Some of them do, some of them don't, just like everybody else.

It brings up one of the more interesting mis-perceptions of life as American communists in this day and time. Contrary to what may be believed, we don't run around bad-mouthing religious folks. Chairman Gus Hall was famous for saying, "Our quarrel is with capitalism, not God."

Some American Christians join the Communist Party. Others work with Communists on common problems. Communists, for example, are for peace, and many peace activists are devoted to their religions. Communists are for civil rights, against the death penalty, and in favor of helping the poor. So are good Christians and other religionists.

Some religious folks even agree with us on the primacy of the working class in trying to institute progressive change.

The corporate media has gone to great lengths recently to paint all Christians as crazed, Bush-supporting, reactionaries. It isn't true at all. Church people are just as likely to subscribe to revolutionary theology as to reaction. Most religious people fall in between.

Communists, like anybody interested in progressive social change, are interested in theology. Frederick Engels goes to great length to explain the theological changes that accompanied the great peasant uprisings in Germany in the 15th & 16th centuries. The reactionaries had their religious interpretations, and Thomas Muenser, main leader of the revolt, had his, which Engels explains in detail. Engels says that theological changes generally accompany any revolution and are a necessary part. It's well explained in Engels' history, The Peasant War in Germany.

It is unfortunate that Ronald Reagan was able to pull some well-known evangelicals into his right-wing government takeover in 1980. It was even more unfortunate that the corporate media made it appear that religion endorsed the anti-worker trend established. One might recall a quote made in the year 30 AD by Seneca the Younger, Religion is regarded by the common people as true, by the wise as false, and by the rulers as useful."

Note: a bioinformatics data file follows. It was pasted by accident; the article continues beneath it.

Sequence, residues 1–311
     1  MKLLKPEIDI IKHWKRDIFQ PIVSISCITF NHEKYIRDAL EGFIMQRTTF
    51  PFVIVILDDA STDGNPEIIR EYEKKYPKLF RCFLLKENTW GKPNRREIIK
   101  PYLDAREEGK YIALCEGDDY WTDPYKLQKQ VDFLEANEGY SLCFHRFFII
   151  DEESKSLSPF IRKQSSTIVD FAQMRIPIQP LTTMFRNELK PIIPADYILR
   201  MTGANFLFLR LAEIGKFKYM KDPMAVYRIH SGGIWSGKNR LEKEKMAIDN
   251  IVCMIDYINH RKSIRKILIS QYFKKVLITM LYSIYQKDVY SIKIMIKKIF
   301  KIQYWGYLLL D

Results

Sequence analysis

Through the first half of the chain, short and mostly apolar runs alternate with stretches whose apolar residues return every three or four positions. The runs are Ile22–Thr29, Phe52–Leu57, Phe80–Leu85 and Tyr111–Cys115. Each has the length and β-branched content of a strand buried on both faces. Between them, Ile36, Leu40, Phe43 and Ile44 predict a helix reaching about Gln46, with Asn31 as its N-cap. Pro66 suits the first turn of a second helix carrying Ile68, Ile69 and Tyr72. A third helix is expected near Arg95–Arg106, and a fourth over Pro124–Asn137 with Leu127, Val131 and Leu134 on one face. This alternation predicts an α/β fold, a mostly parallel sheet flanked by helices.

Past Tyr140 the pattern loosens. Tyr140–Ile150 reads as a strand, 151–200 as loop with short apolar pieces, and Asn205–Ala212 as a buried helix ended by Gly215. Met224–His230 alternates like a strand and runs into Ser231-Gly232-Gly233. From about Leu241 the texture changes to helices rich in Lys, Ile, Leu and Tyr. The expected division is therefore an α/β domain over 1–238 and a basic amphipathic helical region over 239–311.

Typically, the ruling class and their corporate media malign Marxists by quoting Karl Marx out of context: "Religion is the opium of the people." In context, though, anyone can see that what he was opposing was oppression, not religion.

Here is what he actually said as a young revolultionary in 1844: "Religious suffering is at one and the same time, the expression of real suffering and a protest against real suffering. Religion is the sigh of the oppressed creature, the heart of a heartless world and the soul of soulless conditions. It is the opium of the people. The abolition of religion as the illusory happiness of the people is the demand for their real happiness. To call on them to give up their illusions about their condition is to call on them to give up a condition that requires illusions. The criticism of religion is, therefore, in embryo, the criticism of that vale of tears of which religion is the halo."

Religious people are welcomed into the Communist Party, as are all other sincere activists seeking social progress. So don't be shocked if you get a Communist Christmas card!


Further Reading: "Marx, Jesus and Capitalism" in Political Affairs has an essay by a retired Baptist minister about his life as a Marxist.

The CPUSA's Religion Commission gave its positions during the 2010 convention discussion.


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You can work your way through these little modules any way you want, but now that you have finished this one, then The "National Question" and Forging Unity with Oppressed Peoples is recommended next